• Q16: Do I have to worry about infection from people standing around my outdoor air conditioning unit?

    A: Generally, not. The outdoor part of your AC unit is typically only connected to the indoors through refrigerant lines—not air ducts—and there is no transmission path for air.

    However, there are a few types of systems that do have outdoor air connections. Some window and portable air conditioners may pull in air from outside. In some large multifamily units, heating and cooling may be supplied by Packaged Terminal Air Conditioning (PTAC) units with similar outdoor air intakes. There may also be specific ventilation intakes unrelated to any heating or cooling system. In all these cases, social distancing rules are recommended between those intakes and people outdoors.

  • Q17: My home has wall-mounted ductless mini-split AC units. I know their filtration is minimal. Can I improve filtration of small and potentially infectious airborne particles?

    A: High efficiency particle filtration is rarely an option in such equipment. Instead, consider operating a portable air cleaner that has a high clean air delivery rate (CADR) in North America, a high clean air efficiency (CAE) in Europe (see additional info here), or is equipped with a HEPA filter and does not emit ozone. For more information, the EPA’s guidance to air cleaners and air filters in the home is here.

  • Q18: My condo apartment (or dormitory room) has horizontal, hotel-style AC units installed through the exterior wall. Can I improve filtration of potentially infectious airborne particles?

    A: High efficiency particle filtration is rarely an option in such equipment. Instead, consider operating a portable air cleaner that has a high clean air delivery rate (CADR) in North America, a high clean air efficiency (CAE) in Europe (see additional info here), or is equipped with a HEPA filter and does not emit ozone. For more information, the EPA’s guidance to air cleaners and air filters in the home is here.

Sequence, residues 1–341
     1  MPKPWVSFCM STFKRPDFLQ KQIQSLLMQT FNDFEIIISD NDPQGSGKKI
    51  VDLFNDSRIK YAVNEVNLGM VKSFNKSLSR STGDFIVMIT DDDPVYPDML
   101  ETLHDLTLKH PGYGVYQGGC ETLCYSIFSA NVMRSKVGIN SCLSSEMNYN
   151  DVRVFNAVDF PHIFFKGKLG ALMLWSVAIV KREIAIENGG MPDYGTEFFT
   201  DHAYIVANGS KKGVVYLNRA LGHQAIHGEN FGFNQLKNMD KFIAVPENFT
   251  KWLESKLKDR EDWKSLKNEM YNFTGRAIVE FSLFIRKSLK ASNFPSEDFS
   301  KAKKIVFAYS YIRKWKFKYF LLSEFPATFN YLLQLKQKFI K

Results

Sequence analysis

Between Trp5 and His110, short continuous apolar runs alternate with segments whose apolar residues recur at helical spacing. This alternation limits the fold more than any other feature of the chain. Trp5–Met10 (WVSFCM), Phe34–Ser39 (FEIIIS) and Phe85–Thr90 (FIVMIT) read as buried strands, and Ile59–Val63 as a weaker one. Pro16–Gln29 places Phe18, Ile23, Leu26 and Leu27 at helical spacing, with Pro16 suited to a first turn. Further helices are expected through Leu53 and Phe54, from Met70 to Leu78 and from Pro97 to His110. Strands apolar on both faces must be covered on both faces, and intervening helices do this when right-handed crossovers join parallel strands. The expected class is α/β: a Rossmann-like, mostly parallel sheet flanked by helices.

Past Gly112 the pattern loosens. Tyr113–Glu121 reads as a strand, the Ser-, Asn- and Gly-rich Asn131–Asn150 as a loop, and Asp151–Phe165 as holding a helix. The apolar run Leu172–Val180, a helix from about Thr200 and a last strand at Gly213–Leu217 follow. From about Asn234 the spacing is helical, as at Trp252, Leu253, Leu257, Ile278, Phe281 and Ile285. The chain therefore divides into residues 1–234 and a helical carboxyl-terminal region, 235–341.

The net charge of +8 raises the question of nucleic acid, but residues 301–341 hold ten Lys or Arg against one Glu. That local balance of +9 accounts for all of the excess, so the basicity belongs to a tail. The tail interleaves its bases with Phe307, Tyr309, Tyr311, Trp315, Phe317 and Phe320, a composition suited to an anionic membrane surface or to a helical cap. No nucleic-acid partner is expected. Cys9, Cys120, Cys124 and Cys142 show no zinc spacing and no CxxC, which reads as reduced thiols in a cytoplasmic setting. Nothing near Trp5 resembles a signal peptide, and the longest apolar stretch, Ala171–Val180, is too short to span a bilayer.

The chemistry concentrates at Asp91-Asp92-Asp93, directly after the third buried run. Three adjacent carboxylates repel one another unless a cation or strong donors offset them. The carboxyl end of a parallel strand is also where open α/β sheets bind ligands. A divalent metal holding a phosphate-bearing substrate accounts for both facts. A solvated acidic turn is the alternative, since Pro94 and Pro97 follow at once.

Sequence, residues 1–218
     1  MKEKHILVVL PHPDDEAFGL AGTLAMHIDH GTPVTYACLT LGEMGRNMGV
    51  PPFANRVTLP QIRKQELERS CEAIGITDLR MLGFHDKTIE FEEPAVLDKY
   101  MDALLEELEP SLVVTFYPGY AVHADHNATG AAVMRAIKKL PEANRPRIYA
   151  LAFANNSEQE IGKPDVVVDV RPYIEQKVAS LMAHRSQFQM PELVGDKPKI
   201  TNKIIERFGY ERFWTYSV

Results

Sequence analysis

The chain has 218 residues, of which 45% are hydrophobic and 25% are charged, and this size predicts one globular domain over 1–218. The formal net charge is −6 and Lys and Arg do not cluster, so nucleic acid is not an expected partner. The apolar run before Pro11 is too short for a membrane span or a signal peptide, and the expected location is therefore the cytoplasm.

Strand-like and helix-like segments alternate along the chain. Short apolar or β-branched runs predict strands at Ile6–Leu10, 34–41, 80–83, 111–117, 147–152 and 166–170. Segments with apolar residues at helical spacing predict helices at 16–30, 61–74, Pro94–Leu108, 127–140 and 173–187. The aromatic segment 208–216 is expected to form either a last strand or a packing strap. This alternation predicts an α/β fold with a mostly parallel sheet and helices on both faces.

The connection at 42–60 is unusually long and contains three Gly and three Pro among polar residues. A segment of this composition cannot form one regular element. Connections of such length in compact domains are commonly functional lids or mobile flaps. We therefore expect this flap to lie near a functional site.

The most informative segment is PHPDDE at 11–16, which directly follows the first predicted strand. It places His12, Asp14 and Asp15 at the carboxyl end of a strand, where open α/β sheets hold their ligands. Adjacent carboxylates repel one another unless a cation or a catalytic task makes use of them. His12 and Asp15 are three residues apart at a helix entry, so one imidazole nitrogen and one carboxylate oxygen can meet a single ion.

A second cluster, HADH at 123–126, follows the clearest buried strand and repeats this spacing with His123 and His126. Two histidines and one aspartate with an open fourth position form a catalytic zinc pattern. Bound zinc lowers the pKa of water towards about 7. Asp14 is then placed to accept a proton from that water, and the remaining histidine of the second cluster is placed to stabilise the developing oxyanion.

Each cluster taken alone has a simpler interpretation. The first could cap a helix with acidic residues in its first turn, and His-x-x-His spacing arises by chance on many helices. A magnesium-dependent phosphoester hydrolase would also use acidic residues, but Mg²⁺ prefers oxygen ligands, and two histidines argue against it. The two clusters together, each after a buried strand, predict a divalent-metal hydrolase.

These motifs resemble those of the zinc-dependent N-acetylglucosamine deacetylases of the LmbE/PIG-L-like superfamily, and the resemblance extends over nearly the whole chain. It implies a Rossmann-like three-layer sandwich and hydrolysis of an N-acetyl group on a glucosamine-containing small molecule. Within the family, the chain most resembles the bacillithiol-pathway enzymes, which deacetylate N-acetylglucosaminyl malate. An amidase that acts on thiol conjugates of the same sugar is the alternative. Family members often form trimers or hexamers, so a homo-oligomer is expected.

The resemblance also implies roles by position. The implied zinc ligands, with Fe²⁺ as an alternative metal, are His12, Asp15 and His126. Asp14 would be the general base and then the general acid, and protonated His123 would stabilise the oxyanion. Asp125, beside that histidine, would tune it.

• Q19: My condo apartment (or dormitory room) has a vertical, hotel-style AC system installed in a side wall near the exterior wall. Can I improve filtration of potentially infectious airborne particles?

    A: High efficiency particle filtration is rarely an option in such equipment. Instead, consider operating a portable air cleaner that has a high clean air delivery rate (CADR) in North America, a high clean air efficiency (CAE) in Europe (see additional info here), or is equipped with a HEPA filter and does not emit ozone. For more information, the EPA’s guidance to air cleaners and air filters in the home is here.

  • Q20: I am reading that ozone can kill viruses. Should I get an ozone generator or similar product for my home?

    A: No. Ozone at high enough concentrations can inactivate the SARS-CoV-2 virus, but these levels of ozone are generally well above levels considered safe for occupant exposure. 

    For air cleaning devices, ASHRAE holds the position that

    Devices that use the reactivity of ozone for the purpose of cleaning the air should not be used in occupied spaces because of negative health effects that arise from exposure to ozone and its reaction products. Extreme caution is warranted when using devices that emit a significant amount of ozone as by-product of their operation, rather than as a method of air cleaning. These devices pose a potential risk to health